Wednesday, April 24, 2013

In re Broadcom discusses forum selection clauses in CA5

The issue in
In re Broadcom
: Broadcom Corporation, Qualcomm Incorporated, and
Qualcomm Atheros, Inc. (petitioners) seek a writ of mandamus
ordering the U.S. District Court for the Eastern
District of Texas to dismiss this case or, in the alternative,
to transfer the case.
They lost.

Concerning the law of forum-selection clauses in CA5:

Based on the legal landscape at the time of the petition,
we would have been inclined to agree with the
petitioners. However, shortly after the petition was filed,
the Fifth Circuit expressly held that “when a forum selection
clause designates a specific federal forum,” a
motion to transfer under § 1404(a) “is the proper procedural
mechanism for enforcing the clause.”
In re Atl.
Marine Constr. Co., 701 F.3d 736, 739 (5th Cir. 2012),
cert. granted, --- S. Ct. ---, 2013 WL 1285318 (Apr. 1,
2013). In addition, the Fifth Circuit held that a district
court may place the burden on the moving party—not the
resisting party—to demonstrate that transfer to the
contracted forum is warranted. Id. at 741–42.

Of case law:

The petitioners argue that Atlantic Marine and Amplicon
conflict and that Amplicon thus governs under the
prior-panel rule. We disagree. Atlantic Marine distinguished
Amplicon on the basis that Amplicon involved a
forum-selection clause that exclusively designated a state
court forum, while the forum-selection clause at issue in
Atlantic Marine designated a federal forum. 701 F.3d at
741. Atlantic Marine explained that, when a forumselection
clause exclusively designates a state court
forum, § 1406(a) is the mechanism to enforce the clause
because a federal district court is “without power to
transfer.” 701 F.3d at 741. By contrast, the court held
that § 1404(a) applies when a forum-selection clause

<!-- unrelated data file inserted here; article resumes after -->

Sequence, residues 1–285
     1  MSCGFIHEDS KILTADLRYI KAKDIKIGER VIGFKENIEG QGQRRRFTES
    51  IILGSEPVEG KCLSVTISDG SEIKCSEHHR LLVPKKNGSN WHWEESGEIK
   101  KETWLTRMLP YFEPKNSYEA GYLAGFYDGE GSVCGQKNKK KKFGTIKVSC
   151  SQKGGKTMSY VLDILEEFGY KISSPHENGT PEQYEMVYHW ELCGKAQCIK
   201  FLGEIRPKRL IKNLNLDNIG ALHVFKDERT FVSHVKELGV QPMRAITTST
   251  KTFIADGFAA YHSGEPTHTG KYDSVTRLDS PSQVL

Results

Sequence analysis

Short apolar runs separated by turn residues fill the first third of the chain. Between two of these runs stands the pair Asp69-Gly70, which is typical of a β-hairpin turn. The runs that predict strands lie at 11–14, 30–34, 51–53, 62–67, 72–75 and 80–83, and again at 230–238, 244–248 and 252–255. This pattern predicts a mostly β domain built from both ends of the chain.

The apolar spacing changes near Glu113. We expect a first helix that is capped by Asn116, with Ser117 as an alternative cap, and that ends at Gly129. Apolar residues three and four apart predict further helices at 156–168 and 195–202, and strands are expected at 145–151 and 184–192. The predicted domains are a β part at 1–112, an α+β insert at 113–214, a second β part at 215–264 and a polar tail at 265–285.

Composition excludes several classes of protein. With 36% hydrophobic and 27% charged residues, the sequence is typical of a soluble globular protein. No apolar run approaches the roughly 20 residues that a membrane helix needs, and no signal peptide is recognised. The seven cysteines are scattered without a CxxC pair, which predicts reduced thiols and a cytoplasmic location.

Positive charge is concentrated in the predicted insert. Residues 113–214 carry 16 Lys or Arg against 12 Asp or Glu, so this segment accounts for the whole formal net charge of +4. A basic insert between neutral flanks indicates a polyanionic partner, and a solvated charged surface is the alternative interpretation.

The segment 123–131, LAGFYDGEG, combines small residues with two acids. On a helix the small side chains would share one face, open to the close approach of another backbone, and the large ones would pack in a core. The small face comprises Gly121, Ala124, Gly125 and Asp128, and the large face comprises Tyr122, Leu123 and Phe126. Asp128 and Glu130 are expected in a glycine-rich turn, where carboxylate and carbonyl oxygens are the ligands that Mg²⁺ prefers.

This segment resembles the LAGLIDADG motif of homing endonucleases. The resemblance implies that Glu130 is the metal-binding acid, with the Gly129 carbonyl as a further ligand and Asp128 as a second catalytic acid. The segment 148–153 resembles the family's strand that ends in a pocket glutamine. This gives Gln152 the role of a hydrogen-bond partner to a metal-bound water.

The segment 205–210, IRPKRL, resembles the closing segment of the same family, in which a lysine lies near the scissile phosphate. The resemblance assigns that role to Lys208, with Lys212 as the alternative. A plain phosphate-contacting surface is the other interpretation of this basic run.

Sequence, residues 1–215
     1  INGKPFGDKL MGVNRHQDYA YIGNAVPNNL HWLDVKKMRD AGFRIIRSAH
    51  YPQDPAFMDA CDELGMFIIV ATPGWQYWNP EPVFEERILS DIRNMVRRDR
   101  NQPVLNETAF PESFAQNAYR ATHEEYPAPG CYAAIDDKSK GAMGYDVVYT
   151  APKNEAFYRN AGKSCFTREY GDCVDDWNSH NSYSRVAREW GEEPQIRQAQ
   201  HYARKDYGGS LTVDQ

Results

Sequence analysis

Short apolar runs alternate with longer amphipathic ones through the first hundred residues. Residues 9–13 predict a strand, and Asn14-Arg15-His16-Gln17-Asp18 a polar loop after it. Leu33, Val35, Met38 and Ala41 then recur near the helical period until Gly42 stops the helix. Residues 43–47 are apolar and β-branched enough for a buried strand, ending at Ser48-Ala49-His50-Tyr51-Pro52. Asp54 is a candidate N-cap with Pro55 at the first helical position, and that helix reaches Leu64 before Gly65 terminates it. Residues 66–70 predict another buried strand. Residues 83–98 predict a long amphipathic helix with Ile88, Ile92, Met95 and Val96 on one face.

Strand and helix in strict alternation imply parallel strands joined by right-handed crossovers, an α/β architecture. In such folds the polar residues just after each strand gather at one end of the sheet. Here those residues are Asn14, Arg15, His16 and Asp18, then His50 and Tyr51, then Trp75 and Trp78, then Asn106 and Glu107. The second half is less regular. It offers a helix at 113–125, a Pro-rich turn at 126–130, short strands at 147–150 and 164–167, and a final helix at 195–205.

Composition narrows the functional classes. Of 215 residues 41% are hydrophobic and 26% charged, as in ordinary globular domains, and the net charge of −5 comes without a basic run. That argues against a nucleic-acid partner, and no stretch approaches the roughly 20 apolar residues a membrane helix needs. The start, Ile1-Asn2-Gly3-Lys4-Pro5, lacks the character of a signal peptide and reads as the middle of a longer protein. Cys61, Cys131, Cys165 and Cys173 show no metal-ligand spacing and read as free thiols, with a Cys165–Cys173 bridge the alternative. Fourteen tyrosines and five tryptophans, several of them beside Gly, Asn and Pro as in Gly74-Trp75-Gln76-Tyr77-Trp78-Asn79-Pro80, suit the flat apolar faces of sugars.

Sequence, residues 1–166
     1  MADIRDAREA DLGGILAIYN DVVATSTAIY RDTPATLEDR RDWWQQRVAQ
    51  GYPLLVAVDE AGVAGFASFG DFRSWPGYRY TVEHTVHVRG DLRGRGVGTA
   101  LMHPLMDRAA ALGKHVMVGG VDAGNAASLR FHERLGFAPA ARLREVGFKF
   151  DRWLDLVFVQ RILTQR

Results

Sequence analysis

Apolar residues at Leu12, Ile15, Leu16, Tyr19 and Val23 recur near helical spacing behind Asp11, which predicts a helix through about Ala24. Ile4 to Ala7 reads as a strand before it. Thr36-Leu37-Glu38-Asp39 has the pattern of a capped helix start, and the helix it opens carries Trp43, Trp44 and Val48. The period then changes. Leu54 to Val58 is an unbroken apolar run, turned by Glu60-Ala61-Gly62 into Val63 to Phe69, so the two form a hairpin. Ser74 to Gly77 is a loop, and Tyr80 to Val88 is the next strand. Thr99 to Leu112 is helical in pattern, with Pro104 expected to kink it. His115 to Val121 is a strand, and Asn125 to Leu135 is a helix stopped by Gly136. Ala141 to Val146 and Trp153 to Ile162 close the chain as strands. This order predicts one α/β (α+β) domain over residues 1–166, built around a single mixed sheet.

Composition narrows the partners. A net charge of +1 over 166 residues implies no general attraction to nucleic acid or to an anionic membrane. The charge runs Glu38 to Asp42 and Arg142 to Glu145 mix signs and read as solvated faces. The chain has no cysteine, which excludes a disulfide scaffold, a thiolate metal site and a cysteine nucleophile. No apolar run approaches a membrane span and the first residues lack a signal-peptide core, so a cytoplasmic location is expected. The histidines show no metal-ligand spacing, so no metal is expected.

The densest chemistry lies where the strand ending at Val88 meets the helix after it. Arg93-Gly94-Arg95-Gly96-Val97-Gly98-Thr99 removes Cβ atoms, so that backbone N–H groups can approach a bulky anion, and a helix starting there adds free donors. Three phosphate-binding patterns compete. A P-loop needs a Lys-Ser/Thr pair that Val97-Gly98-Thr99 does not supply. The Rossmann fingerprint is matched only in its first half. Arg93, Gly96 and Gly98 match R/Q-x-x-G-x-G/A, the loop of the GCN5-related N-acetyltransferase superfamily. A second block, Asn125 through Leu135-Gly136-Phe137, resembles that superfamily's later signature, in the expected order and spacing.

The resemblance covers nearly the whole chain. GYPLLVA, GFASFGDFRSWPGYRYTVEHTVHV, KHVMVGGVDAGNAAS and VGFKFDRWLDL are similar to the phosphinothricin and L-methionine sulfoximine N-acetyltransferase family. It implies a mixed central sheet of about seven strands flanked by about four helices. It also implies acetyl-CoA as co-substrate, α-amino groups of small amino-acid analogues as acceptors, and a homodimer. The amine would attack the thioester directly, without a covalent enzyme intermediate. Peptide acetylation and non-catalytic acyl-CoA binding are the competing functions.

designates an alternate federal forum. Id. at 739–41. We
are bound to apply Fifth Circuit precedent to this case.
Therefore, we conclude, consistent with Atlantic Marine,
that the district court did not abuse its discretion by
analyzing the forum-selection clause under § 1404(a)
rather than § 1406(a).

Atlantic Marine recognizes, however, that its holding
comports with only “a minority of the federal appellate
courts.” 701 F.3d at 739. The majority of the courts of
appeals “give effect to a forum-selection clause through a
motion to dismiss filed pursuant to Rule 12(b)(3) and
§ 1406.” Id. at 746–47 (Haynes, J., specially concurring)
(collecting cases).
The Fifth Circuit, however, does not.
We note that the Supreme Court recently granted certiorari
in Atlantic Marine. 2013 WL 1285318, at *1. While
the Supreme Court may overrule Atlantic Marine and
endorse the majority rule, we are bound by Fifth Circuit
law as it presently exists.

The outcome:

We conclude that the petitioners are not entitled to a
writ of mandamus ordering transfer to the Southern
District of New York. A forum-selection clause “should
receive neither dispositive consideration . . . nor no consideration
. . . but rather the consideration for which
Congress provided in § 1404(a).” Stewart Org., Inc. v.
Ricoh Corp., 487 U.S. 22, 31 (1988). The Fifth Circuit has
held that, in the context of a § 1404(a) motion, the district
court may place the burden on the movant to demonstrate
that the contractually-chosen forum is clearly more convenient
than the plaintiff’s chosen forum. Atl. Marine,
701 F.3d at 741–42.


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